#3 story of 2009: Traceability initiatives, solutions gain ground

01/04/2010 12:56:34 PM
Dan Galbraith

Fleming stressed that even companies that haven’t gotten up to speed on the PTI milestones need to have some ability to trace their product one step up and one step back, since that was mandated in the 2002 bioterrorism act.

Cost/benefit

Many in the produce industry also lamented the potentially exorbitant costs of manadated traceability.

Tom Casas, vice president of information technology and mechanization for Salinas-based Tanimura & Antle, said when he first mentioned within his company that traceability was something it would have to invest in, the idea was met with denial, then anger, and finally acceptance.

“The cost doesn’t really hit hard until you need to put bar codes on every box,” he said. “(But) PTI will narrow the scope of recalls.”

In October, federal officials missed a self-imposed deadline for issuing a food traceability plan.

President Obama’s Food Safety Working Group promised on July 7 that the Food and Drug Administration would issue a draft proposal to the food industry on tracing systems within three months.

The Oct. 7 deadline came and went with no word on how long it would take for the traceability issue to be addressed.
Other traceability milestones earlier in 2009:

  • In August, a sector-specific traceability implementation guide for fruits and vegetables was issued by GS1 U.S. and the Federation for Produce Standards.
    GS1 U.S., Lawrenceville, N.J., and the United Kingdom-based International Federation for Produce Standards described the document as a guide to implement GS1 traceability standards in the fresh fruit and vegetable industry supply chain.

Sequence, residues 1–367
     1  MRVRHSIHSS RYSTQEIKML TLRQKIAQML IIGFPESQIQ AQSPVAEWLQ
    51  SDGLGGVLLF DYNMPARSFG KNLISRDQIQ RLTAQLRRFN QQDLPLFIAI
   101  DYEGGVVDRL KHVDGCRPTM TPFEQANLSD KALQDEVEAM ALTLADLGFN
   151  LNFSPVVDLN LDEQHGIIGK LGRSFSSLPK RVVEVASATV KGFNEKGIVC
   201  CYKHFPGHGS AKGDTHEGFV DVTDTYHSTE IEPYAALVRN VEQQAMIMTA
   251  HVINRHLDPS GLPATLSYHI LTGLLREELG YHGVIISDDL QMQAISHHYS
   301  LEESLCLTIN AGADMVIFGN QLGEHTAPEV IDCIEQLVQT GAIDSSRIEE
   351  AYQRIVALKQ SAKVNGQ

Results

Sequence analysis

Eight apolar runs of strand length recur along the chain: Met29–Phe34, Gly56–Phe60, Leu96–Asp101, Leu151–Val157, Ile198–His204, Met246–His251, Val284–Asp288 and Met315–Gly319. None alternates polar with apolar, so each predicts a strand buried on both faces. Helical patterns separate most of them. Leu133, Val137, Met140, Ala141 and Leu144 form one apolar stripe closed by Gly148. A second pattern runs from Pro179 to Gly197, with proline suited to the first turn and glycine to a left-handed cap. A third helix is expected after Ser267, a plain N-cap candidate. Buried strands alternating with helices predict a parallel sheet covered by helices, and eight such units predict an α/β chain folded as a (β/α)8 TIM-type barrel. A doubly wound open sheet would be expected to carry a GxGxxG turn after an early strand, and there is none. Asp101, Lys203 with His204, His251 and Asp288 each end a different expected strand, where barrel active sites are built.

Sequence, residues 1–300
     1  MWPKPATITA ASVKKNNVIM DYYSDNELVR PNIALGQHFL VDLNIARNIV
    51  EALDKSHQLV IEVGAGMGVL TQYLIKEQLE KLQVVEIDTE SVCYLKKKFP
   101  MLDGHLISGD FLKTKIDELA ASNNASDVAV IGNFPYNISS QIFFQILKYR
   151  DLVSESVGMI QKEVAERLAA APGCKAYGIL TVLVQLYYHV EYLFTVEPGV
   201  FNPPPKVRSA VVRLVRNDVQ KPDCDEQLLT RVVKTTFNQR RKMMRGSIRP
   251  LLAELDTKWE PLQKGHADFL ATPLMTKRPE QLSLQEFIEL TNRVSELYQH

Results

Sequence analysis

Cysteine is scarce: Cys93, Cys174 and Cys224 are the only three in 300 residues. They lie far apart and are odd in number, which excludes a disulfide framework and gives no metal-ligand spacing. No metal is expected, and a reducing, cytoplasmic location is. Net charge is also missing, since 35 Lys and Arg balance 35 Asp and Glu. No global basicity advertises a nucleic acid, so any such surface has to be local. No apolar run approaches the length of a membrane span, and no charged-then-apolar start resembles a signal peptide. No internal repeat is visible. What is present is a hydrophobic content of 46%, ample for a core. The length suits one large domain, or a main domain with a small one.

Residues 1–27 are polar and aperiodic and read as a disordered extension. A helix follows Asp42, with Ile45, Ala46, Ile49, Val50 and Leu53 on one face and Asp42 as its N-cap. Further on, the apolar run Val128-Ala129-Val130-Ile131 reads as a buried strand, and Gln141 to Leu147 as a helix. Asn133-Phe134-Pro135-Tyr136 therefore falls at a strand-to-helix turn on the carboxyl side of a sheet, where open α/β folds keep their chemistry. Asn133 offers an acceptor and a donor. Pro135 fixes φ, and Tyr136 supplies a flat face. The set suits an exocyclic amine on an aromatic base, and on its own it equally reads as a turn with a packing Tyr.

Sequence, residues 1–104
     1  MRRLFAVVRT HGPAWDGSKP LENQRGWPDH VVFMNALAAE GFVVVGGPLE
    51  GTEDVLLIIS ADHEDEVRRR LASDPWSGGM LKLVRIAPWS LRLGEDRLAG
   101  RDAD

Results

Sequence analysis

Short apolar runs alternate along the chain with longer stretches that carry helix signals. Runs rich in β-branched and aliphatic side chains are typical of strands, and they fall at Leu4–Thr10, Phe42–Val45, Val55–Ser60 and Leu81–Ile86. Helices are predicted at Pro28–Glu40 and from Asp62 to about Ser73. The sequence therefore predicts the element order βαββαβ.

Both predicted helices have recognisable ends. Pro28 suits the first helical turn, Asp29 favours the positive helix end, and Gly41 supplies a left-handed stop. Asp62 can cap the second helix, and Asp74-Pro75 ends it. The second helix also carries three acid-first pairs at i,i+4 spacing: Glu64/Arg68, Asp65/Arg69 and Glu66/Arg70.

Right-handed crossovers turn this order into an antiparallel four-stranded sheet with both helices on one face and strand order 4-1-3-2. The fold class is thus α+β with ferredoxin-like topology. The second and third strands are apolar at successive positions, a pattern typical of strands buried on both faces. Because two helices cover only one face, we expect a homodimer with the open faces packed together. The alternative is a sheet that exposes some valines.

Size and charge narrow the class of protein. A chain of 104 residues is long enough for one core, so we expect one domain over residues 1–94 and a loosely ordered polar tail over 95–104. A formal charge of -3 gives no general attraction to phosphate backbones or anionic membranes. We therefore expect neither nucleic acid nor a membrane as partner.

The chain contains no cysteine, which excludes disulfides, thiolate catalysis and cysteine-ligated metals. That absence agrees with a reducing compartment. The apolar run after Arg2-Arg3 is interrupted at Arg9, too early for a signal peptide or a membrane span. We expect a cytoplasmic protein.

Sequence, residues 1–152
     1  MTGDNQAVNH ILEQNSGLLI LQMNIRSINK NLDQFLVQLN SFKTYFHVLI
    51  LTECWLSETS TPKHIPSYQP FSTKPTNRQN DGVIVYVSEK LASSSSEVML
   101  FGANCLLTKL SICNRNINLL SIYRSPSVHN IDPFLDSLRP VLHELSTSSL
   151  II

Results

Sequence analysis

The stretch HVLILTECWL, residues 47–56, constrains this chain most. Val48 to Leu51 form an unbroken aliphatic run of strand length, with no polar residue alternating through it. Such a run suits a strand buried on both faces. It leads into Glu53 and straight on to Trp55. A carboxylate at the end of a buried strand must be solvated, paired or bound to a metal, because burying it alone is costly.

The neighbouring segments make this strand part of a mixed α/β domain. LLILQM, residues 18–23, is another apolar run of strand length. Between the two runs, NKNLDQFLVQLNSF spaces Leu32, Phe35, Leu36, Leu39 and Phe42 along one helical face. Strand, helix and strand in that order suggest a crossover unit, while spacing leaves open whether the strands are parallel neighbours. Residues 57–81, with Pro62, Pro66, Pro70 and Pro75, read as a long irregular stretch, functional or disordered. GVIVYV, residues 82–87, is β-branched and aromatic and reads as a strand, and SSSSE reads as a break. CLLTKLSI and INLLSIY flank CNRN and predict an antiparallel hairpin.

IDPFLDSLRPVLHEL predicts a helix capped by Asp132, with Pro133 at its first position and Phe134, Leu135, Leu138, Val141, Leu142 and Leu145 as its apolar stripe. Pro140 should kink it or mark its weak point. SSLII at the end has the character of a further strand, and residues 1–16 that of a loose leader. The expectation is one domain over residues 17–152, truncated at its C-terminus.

The document included key definitions and principles of traceability, combined with implementation guidelines for growers, packers, repackers, distributors, foodservice operators and retail stores.
  • In July, The Packer hosted a Webcast exploring the many sides of the traceability puzzle. The Webcast was moderated by The Packer’s editor, Greg Johnson. A second one was in October.
    Panelists agreed consumers today demand higher standards for food safety and traceability.
  • Also in July, the White House announced tougher food safety plans, taking an active role in preventing foodborne illness outbreaks, targeting salmonella and E. coli, and allocating more resources for the effort, including development of new commodity-specific guidelines and better collaboration on investigations.
    The first step for fresh produce in the new food safety agenda announced July 7: commodity-specific guidelines for leafy greens, tomatoes and melons.


Prev 1 2 Next All


Comments (0) Leave a comment 

Name
e-Mail (required)
Location

Comment:

characters left

Join the conversation - sign up for FREE today!
FeedWind
Feedback Form
Leads to Insight